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GUEST EDITORIAL
Year : 2021  |  Volume : 69  |  Issue : 3  |  Page : 483-484

Vitamin D supplementation in diabetic retinopathy in the era of COVID-19


Department of Ophthalmology, King George's Medical University, Lucknow, Uttar Pradesh, India

Date of Web Publication17-Feb-2021

Correspondence Address:
Prof. Sandeep Saxena
Department of Ophthalmology, King George's Medical University, Lucknow, Uttar Pradesh
India
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Source of Support: None, Conflict of Interest: None


DOI: 10.4103/ijo.IJO_3798_20

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How to cite this article:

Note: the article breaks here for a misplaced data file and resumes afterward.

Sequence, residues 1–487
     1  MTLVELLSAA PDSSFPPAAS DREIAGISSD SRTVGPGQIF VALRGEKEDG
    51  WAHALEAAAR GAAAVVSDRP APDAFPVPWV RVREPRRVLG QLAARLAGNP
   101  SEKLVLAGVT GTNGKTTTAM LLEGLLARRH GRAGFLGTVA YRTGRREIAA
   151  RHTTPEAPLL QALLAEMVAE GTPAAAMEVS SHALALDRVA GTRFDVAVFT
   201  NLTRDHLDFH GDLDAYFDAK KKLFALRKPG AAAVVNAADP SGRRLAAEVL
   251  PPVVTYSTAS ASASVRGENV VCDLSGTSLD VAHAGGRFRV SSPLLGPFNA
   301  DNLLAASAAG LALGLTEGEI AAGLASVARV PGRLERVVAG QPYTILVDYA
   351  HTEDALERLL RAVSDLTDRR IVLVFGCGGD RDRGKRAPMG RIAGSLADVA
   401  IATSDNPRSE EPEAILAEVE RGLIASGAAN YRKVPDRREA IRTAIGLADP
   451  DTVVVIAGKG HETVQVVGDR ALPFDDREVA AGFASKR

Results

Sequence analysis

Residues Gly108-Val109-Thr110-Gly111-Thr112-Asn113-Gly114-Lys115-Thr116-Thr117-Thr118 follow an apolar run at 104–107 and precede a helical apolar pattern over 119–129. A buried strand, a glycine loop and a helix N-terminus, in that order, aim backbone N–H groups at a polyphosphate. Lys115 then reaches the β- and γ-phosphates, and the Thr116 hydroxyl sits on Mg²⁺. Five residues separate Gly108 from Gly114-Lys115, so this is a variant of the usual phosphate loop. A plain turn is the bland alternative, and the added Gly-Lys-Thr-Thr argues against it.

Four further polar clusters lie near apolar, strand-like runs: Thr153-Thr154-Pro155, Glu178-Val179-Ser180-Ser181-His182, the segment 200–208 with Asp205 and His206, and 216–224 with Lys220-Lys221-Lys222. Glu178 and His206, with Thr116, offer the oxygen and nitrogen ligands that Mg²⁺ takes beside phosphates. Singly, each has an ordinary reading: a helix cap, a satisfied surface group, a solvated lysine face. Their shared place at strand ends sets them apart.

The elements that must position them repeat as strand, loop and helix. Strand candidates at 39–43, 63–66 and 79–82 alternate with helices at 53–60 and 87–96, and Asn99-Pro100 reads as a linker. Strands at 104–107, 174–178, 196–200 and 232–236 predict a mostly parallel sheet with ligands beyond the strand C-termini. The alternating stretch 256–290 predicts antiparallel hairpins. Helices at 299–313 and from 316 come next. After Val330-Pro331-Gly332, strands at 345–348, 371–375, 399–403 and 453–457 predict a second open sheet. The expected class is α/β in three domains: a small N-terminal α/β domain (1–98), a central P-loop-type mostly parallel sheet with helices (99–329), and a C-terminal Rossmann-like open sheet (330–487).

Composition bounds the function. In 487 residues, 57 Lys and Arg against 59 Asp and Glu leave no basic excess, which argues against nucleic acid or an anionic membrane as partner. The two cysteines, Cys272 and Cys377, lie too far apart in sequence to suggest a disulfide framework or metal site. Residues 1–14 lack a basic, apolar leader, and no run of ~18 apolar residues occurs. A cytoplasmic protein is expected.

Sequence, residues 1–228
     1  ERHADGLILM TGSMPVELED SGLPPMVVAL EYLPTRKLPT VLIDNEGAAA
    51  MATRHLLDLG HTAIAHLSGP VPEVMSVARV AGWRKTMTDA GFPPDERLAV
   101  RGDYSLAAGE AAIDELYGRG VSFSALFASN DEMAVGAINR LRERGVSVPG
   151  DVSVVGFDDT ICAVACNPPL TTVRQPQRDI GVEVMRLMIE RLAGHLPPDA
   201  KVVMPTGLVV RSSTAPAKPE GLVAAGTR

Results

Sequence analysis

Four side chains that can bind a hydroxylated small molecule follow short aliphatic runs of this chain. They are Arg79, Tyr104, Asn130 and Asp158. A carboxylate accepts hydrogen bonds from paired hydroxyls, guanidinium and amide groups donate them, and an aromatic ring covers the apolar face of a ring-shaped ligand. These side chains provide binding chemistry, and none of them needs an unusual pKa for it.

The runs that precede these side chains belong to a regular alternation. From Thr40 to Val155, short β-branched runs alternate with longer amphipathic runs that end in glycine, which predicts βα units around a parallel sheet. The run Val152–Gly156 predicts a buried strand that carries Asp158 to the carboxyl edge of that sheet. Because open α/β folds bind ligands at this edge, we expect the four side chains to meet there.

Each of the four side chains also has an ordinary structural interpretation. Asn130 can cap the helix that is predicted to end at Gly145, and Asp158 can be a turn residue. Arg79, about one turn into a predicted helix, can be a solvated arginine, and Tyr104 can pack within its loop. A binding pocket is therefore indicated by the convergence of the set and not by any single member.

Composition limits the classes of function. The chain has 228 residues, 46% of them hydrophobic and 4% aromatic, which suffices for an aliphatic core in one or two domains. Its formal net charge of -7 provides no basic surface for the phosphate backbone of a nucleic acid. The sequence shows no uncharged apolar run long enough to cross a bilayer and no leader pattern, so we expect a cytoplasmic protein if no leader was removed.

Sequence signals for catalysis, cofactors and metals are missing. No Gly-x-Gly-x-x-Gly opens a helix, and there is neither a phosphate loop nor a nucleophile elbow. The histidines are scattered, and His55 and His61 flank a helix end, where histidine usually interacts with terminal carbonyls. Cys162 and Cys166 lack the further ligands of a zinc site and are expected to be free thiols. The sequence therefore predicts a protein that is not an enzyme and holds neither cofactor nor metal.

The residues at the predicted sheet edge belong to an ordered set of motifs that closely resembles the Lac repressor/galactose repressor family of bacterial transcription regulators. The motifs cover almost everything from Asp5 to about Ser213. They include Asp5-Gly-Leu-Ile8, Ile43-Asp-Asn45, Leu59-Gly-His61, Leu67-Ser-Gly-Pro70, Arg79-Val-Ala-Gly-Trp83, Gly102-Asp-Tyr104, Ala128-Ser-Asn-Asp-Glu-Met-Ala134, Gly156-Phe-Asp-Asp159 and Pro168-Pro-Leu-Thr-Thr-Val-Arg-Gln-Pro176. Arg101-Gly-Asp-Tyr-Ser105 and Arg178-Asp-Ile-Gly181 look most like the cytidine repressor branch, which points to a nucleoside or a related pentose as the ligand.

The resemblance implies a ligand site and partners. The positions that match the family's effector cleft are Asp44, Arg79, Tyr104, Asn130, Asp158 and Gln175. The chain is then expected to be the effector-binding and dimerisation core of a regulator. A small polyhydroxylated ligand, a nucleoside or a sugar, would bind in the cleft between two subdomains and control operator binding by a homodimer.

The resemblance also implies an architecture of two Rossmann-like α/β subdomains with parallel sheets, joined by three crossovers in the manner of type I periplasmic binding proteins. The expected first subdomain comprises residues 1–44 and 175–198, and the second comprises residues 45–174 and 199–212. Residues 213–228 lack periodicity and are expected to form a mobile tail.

Saxena S. Vitamin D supplementation in diabetic retinopathy in the era of COVID-19. Indian J Ophthalmol 2021;69:483-4

How to cite this URL:
Saxena S. Vitamin D supplementation in diabetic retinopathy in the era of COVID-19. Indian J Ophthalmol [serial online] 2021 [cited 2021 Feb 24];69:483-4. Available from: https://www.ijo.in/text.asp?2021/69/3/483/309417



The outbreak of COVID-19 has generated public health crisis at a global level. The SARS-CoV-2 coronavirus is an enveloped RNA virus. Infection provokes a remarkable range of responses from complete lack of symptoms through to cytokine storm and life-threatening acute respiratory distress syndrome. Mortality from COVID-19 is higher amongst people who are older, male, and obese. All these factors are related with increased prevalence of vitamin D deficiency. Male sex is associated with reduced impact of vitamin D on the immune response.[1]